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Many of you are familiar with Grupo Pagan and therefore Edgar Pagan. If you’ve spent any time near this guy you’ve become immediately aware of his positive nature and his exuding positive vibe. It feels good to be in his company… one of those people who seemingly refuses to bitch, or speak poorly of people in their absence—if at all—and I’ve never seen him behave “exclusively” (as though its ‘your’ privilege to be in his company or some sort of cool-kid club). Rather, Edgar is extremely “inclusive” in his nature because he understands with great maturity that honoring the company he’s in at any particular moment is his privilege; not theirs. This, to me, is not only wise, the “real” cool, but refreshing… not just in the music business, but also in adulthood in general. And this is why every time he comes up in conversation, it is always noted that he’s a cool guy. His reputation precedes him in the right way.
The reason I point this out is not because we’re pals. It because I know all of this intrinsically manifests itself as the basis for the quality of this music. I’ve been doing this a long time, myself. I can hear the difference between somebody who simply likes being on stage, receiving attention, surfing the pop-culture pastime of it all, living the dream…—vs.—those who are flat-out lost-cause junkies for and of music. They need F-sharp in their lives like everyone else needs enough vitamin C. The ones who keep going further into the woods because they are lost in those woods. Its a soul searching journey where the home you seek is the journey itself as opposed to any place to arrive. The true musician knows that they will never arrive and this is why they keep going. It’s not even a matter of “if.” Regardless of attentions, public opinion, anyone’s personal comment, the weather of the industry, what’s in, what’s out… it’s simply what we do.
What Edgar does.
It is a privilege for the city of Syracuse to have the man and artist that is Edgar Pagan, right here. As pals, we’ve jammed a little, enjoyed conversations over a gentleman’s tequila and other musician-ly chit-chats with a few laughs along the way usually hanging out with other music pals. Anyway. To sum… the dude’s got a lot of soul and it permeates his newest release “What a Feeling” in a way that is olfactory. Listen to this record and you will find yourself feeling better about things. It’s a positive medicine for a world that is growing discontent, expectant and accusative.
The music on this album begins with Grupo Pagan Lite as its core and then “inclusively” includes guest musicians. And my o my—look at these guests!: Robben Ford, Jimmy Haslip, Jeff Lorber, Luis Conte, Mark Doyle, Joe Driscoll, Bob Halligan Jr., Beledo, Melissa Gardiner and Jeff Richman.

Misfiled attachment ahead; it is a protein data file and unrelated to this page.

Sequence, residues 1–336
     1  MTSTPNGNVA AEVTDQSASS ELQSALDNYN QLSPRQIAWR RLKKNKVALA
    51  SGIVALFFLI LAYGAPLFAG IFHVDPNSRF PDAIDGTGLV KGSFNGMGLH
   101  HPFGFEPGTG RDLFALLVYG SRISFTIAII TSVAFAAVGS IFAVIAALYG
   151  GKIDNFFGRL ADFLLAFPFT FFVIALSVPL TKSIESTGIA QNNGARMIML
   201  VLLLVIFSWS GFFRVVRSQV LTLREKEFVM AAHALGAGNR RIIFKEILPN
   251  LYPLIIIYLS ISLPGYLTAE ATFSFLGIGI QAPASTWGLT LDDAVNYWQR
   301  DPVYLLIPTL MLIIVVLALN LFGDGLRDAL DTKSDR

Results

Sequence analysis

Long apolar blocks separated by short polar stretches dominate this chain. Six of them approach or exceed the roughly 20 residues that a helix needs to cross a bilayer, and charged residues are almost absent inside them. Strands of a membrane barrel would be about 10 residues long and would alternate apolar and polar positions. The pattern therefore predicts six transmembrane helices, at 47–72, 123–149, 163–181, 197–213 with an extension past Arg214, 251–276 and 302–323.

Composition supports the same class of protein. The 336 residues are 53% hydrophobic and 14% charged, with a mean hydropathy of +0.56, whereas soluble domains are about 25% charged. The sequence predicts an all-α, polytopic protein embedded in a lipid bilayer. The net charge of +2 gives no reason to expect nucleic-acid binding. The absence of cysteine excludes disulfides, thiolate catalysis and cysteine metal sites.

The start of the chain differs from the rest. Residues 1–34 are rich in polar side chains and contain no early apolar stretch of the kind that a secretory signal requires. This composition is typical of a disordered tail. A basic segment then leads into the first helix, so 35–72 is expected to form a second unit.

The collection of songs and instrumental compositions is overtly Spanish in it’s vibe. It is beautifully indigenous and elegantly transcending. Hypnotic grooves are rolling underneath it all under the influences of jazz, soul, R&B,. The kind of music that will take you to a place if you involve yourself as more than a casual 3-person listener. The kind of music that makes you real happy you were born when you’re dancing with the right girl.
Lyrically, the album is all positive and hopeful in accordance with Edgar’s (unspoken) intentions to do his part in making the world a better place by being the best example of his good self. There is nothing cleverly snide or brilliantly cynical or even skeptical to be found here. Good. Cuz, well.. you know….
And if nobody minds my saying so, I think It also makes a great “make out” record in that it is sonically luscious flowing from groove to groove—whether it’s a sultry groove or a more danceable groove. Its all connected to soul and is emotionally tangible. And it sounds freaking great.
I took a little time with Edgar to talk about this work and to offer more insight.
CS: Good afternoon, Edgar. Thanks for making a record. And thank you for sharing it with us. How did this all come about? What Inspired the album?
Edgar Pagan: I’ve been contemplating doing an album of my own for some time. I’ve been fortunate enough to meet so many talented artists over the past few years that had voiced an interest in working on a project together.
CS: I will take this opportunity then to butt-in and voice my same interest for a future write.
EP: (chuckling….) ok. Sounds good! This allowed me the flexibility to do just that. To incorporate different styles and influences. I was also encouraged by a few very close musical friends. The songs themselves were inspired by many different things, ranging from an event in my life, a story I may have read, a melody, a thought, a spontaneous guitar or bass line, a rhythm that sparked creativity, or a phrase I may have heard. A culmination of events that have occurred over the last few years. It’s much more difficult for me to just sit down and write a song for a particular issue. It’s seems so much easier when something comes from inspiration. Like many things in life.